Tuesday, 2 April 2019

Talk by Prof David Strayer: Emerging Technologies Influencing Distracted Driving (Thur, April 11)

WHAT: Talk by Prof David Strayer, University of Utah, on Technology and Distracted Driving

WHEN and WHERE: Thursday, April 11, 2019, 12-1pm; KEATS room (Psychology building)

David Strayer is the John R. Park professor of Cognitive Neuroscience in the Department of Psychology at the University.  He received his Ph.D. from the University of Illinois@ Urbana-Champaign in 1989 and worked at GTE laboratories before joining the faculty at the University of Utah.  Dr. Strayer’s research examines attention and multitasking in real-world contexts such as driving an automobile.  He has published over 175 scholarly articles in this area and for the last 15 years has focused on understanding driver distraction stemming from multimodal interactions in the vehicle. 

Talk:  Emerging Technologies Influencing Distracted Driving
Driver distraction is increasingly recognized as a significant source of injuries and fatalities on the roadway. Driver distraction can arise from visual/manual interference, for example when a driver takes his or her eyes off the road to interact with a device. Impairments also stem from cognitive sources of distraction when attention is diverted from safely operating the vehicle.  Concern over distracted driving is growing as more and more wireless devices are being integrated into the vehicle. Working with AAA Foundation for Traffic Safety, we developed, validated, and applied a metric of distraction associated with the diversion of attention from driving. Our studies show that the distraction potential can be reliably measured, that cognitive workload systematically varies as a function of the secondary task performed by the driver, and that many activities, particularly complex multimodal interactions in the vehicle, are associated with surprisingly high levels of mental workload.  Using the new technology in the vehicle may have unintended consequences that adversely affect traffic safety.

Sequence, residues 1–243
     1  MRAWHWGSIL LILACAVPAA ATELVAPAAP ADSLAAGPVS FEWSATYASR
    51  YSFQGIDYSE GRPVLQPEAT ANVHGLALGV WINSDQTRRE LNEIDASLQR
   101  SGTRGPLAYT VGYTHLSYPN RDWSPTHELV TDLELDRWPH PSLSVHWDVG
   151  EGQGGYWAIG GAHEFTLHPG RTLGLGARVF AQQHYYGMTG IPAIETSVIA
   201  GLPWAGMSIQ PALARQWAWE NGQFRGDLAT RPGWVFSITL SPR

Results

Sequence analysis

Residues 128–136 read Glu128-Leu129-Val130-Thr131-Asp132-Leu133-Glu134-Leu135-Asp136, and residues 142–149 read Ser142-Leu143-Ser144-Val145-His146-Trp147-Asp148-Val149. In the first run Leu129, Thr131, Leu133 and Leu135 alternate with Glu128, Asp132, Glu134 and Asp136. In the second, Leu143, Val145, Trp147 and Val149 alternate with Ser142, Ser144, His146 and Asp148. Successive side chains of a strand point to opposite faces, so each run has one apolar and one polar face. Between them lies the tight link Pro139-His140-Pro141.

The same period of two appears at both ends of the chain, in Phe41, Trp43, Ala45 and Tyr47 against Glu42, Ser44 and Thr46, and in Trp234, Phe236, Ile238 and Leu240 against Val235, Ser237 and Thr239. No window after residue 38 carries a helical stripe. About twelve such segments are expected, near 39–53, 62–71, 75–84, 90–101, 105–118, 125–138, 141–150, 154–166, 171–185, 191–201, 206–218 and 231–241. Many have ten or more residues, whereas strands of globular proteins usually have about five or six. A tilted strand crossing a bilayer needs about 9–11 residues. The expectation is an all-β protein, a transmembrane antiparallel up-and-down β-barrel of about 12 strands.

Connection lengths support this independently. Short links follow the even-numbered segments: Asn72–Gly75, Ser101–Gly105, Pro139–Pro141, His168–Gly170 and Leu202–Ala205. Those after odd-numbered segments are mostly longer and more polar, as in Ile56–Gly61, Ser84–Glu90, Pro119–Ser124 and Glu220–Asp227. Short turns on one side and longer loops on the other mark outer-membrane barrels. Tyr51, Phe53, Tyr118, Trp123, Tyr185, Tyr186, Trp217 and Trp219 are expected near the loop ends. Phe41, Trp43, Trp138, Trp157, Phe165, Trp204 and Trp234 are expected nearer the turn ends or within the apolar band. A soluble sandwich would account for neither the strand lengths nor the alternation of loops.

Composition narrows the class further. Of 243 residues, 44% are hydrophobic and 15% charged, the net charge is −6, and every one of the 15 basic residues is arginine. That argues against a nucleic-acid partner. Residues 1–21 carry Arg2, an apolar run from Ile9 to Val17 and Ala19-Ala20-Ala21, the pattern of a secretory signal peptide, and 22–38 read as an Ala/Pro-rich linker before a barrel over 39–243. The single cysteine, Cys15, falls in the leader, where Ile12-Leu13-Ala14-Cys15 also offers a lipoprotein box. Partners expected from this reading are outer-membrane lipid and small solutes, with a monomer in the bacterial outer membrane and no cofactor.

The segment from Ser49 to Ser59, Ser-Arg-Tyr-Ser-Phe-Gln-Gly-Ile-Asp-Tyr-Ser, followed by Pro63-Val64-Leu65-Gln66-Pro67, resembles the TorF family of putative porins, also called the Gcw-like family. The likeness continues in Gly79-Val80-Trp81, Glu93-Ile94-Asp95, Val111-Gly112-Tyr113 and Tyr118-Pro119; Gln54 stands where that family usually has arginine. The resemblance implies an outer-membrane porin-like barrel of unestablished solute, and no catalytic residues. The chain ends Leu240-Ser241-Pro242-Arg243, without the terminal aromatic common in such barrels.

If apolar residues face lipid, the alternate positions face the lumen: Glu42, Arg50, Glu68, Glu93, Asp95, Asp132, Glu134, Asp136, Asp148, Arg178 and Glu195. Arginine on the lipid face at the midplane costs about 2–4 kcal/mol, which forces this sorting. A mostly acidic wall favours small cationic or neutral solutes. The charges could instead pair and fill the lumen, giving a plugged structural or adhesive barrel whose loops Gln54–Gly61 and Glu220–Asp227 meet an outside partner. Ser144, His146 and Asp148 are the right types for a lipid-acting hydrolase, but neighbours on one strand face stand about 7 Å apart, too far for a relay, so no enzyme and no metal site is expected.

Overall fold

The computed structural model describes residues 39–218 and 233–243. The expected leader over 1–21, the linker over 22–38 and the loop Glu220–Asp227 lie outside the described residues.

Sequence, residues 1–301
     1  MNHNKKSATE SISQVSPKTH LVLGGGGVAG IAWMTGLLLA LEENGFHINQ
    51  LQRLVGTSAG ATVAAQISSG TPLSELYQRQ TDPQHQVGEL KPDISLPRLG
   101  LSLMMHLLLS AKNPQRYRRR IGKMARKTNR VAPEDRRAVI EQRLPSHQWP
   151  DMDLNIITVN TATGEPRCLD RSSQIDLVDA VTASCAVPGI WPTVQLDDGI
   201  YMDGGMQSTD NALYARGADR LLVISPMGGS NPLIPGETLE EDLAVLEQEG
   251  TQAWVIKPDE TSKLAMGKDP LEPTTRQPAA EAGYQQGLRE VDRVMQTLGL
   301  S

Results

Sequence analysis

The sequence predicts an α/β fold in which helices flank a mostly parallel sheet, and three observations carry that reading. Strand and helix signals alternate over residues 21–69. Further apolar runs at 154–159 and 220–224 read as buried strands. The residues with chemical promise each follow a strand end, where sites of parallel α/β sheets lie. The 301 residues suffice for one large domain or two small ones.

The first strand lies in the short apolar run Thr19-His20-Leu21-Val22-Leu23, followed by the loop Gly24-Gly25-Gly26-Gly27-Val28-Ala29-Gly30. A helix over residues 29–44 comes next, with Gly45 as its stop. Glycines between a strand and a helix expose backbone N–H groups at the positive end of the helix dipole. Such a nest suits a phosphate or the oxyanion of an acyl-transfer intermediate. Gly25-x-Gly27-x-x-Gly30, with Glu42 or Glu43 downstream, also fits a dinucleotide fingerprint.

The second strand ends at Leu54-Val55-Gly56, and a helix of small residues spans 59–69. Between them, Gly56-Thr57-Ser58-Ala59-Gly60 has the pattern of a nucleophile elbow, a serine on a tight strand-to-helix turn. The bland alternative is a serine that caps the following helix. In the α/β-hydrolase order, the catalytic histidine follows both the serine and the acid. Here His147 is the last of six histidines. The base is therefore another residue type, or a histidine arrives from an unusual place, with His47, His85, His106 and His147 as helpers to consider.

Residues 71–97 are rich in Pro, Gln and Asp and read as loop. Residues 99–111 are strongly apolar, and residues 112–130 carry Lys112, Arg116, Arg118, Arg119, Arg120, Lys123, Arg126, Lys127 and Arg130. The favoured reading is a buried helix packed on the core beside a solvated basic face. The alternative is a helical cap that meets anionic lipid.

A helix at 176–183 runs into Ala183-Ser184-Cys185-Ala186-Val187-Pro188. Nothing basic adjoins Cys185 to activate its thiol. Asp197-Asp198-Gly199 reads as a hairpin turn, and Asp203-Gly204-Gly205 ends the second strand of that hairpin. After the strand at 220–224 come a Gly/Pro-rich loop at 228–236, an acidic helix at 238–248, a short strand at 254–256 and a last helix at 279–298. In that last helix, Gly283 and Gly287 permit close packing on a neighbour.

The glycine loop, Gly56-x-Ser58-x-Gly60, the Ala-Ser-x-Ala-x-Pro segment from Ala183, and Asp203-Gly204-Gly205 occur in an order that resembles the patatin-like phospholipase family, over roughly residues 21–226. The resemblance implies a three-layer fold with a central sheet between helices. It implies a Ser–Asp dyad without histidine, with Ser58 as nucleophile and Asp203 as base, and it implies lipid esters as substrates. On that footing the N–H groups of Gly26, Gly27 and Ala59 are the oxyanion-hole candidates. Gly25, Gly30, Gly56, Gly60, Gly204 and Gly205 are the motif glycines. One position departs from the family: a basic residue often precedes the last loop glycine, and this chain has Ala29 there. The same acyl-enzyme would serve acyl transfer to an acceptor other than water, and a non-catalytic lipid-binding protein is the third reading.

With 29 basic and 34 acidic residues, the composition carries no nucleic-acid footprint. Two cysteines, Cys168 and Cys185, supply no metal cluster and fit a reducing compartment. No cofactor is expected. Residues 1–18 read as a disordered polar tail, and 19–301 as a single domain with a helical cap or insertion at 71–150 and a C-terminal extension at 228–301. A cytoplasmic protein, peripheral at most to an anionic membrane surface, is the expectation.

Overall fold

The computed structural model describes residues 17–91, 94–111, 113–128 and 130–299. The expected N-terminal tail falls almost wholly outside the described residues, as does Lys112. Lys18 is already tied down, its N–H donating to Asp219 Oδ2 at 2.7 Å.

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Monday, 1 April 2019

Dr Andrea Griffin collaborates with world-leaders in climate change to communicate environmental impacts of large-scale land clearing

As a zoologist studying animals in their natural habitat, Dr Andrea Griffin is well aware of the consequences of habitat destruction for our native wildlife. But with science now demonstrating that land clearing has ratcheting effects on fire risk, droughts, and climate change, her levels of concern have increased significantly.

This is what motivated Dr Griffin to participate in two recent large collaborative initiatives: A submission to an inquiry by the House of Representatives on “The impact on the agricultural sector of vegetation and land management policies, regulations and restrictions” and a Conversation article describing the effects of land clearing on fire risk, droughts, water security and climate change. She went on to prepare and drive a Scientist Declaration to help disseminate these important scientific findings.

The Scientist declaration calling on Australian governments at all levels to pass strong legislation to curb Australia’s accelerating rate of land clearing was released by the Ecological Society of Australia and was signed by over 300 scientists—including Professors Tim Flannery, Lesley Hughes, Richard Kingsford, Chris Dickman and Martine Maron.

Within 7 days, the declaration was viewed by over 16,000 people, the Conversation article attracted nearly 100 comments, and a community petition to support the Declaration arose. The topic was the subject of a recent article in the Newcastle Herald: